IRQ conflict is a reasonable hypothesis: virtually all devices have an IRQ (Interrupt ReQuest) to talk with the central processor unit. When a given device (such as a printer or a sound card) calls the CPU to treat some instructions, it requests and interrupts it for a moment. When two components share the same IRQ (possibly the sound and network cards on the Who
's computer), the CPU cannot identify which device calls, causing unexpected results. For example, the early ISA sound cards use the IRQ 7 by default, just like the LPT ports. Therefore, it was impossible to listen music and print a document at the same time. Later, sound cards move to the IRQ 5 by default. I know there exist devices that don't have an allocated IRQ today (graphic cards on some computers), and the IRQ management have changed since Windows 2000. From DOS to Windows 9x era, IRQ conflict was a recurrent issue. Alongside Windows XP, virtually all systems - even monoprocessor ones - support APIC (with much more IRQs available than PIC: 200+ instead of sixteen).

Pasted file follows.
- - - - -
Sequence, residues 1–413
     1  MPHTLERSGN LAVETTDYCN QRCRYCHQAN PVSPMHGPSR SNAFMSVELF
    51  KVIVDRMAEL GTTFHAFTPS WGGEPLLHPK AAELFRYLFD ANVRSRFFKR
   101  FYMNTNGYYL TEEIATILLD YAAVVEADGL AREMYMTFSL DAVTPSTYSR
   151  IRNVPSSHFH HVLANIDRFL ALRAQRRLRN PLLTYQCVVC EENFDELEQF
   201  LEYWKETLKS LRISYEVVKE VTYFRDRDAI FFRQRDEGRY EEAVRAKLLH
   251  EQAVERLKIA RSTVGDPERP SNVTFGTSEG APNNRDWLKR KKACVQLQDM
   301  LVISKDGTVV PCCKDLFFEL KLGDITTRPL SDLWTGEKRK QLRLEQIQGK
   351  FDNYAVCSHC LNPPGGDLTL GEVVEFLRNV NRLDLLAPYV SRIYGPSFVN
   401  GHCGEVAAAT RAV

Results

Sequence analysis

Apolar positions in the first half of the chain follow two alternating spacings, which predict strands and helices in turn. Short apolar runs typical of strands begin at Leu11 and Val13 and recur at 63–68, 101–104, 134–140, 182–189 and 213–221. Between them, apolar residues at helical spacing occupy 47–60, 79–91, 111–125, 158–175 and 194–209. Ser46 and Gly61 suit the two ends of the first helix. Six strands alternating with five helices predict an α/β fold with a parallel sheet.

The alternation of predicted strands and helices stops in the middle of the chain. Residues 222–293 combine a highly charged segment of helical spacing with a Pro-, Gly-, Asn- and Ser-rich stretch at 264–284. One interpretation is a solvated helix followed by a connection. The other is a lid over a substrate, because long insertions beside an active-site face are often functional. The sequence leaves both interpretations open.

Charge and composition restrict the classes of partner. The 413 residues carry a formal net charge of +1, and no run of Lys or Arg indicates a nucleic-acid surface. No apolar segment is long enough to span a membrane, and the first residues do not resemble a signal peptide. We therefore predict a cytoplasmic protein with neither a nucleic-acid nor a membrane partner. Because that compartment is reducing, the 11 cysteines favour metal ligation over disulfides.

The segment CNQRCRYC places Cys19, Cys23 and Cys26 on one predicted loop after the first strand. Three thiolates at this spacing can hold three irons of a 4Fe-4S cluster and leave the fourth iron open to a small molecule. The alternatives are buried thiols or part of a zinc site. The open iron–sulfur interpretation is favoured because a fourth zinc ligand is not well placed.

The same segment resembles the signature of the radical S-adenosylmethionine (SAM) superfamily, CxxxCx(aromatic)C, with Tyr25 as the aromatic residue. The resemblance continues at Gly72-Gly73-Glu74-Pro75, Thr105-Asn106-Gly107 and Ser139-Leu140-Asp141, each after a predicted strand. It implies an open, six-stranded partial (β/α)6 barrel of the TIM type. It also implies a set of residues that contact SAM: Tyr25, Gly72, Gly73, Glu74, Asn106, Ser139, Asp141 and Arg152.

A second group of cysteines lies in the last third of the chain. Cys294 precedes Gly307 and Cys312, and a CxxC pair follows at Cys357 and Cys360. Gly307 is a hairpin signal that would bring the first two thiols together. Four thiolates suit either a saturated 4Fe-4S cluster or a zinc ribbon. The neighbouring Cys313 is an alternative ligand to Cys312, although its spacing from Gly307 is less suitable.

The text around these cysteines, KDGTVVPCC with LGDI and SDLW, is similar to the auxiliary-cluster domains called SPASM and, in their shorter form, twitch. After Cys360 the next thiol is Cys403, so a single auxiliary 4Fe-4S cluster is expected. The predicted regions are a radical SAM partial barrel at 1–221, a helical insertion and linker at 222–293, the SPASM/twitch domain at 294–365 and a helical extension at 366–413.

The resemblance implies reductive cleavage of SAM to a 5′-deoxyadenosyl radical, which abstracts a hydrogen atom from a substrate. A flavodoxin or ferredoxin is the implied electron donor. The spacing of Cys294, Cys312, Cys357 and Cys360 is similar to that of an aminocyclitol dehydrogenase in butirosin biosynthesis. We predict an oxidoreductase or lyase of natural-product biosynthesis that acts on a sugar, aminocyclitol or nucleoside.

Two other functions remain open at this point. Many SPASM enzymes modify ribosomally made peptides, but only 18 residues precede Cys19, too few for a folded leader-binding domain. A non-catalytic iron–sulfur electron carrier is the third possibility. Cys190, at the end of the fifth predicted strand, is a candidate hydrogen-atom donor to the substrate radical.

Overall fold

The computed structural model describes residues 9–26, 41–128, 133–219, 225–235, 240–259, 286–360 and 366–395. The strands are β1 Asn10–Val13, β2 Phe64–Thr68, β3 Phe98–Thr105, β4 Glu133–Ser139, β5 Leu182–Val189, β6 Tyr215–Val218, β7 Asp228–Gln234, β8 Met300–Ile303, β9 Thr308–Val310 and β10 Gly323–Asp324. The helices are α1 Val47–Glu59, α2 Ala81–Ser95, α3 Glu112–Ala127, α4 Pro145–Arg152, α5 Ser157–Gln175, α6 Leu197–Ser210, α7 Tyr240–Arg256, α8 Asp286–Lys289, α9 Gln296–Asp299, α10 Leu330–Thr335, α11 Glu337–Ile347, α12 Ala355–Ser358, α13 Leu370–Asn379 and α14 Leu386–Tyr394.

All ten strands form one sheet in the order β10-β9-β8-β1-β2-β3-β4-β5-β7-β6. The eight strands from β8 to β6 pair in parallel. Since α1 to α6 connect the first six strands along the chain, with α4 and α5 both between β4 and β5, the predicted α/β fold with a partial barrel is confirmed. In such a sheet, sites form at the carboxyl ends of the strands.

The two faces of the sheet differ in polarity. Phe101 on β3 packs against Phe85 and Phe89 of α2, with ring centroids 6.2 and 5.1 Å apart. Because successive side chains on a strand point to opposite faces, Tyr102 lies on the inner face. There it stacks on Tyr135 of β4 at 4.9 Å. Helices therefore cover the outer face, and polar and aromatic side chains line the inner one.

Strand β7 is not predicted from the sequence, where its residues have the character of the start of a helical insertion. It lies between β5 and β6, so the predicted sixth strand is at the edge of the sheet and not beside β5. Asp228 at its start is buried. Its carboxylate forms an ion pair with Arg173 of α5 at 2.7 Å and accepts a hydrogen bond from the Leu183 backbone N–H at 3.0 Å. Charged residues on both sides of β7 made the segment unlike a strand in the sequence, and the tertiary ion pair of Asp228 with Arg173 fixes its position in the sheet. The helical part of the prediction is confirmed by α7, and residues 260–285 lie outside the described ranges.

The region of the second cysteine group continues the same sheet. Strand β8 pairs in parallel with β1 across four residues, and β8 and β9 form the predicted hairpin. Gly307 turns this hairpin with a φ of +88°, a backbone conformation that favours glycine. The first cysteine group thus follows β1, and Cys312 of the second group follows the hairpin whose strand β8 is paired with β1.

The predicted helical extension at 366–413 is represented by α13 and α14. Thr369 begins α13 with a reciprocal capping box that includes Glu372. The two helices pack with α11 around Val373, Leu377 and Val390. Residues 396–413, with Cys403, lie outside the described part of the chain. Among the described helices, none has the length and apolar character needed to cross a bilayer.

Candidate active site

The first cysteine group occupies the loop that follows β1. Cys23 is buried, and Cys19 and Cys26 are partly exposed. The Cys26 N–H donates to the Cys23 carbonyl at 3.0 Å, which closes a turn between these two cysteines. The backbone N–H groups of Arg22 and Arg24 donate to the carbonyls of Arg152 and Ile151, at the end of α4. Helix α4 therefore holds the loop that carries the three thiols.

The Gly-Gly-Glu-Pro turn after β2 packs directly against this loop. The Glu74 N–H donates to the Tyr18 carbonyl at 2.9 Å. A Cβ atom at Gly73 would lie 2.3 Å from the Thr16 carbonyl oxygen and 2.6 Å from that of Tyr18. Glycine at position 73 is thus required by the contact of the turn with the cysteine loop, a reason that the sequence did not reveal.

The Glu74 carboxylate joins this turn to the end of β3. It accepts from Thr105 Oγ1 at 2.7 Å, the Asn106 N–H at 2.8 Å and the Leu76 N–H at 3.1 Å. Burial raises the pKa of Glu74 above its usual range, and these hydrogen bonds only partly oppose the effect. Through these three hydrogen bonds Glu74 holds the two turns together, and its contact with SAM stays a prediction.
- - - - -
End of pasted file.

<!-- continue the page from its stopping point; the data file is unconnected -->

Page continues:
Big Monstro, I don't think I enabled the IRQ for the ens137x cards.
Do you mean the sound card (with your driver loaded) simply cannot request the CPU? Only the CPU can talk to the sound card and not the opposite?
Windows 3.1 requires the protected mode for memory allocation, so, why Who
wouldn't able to use both sound and network at the same time?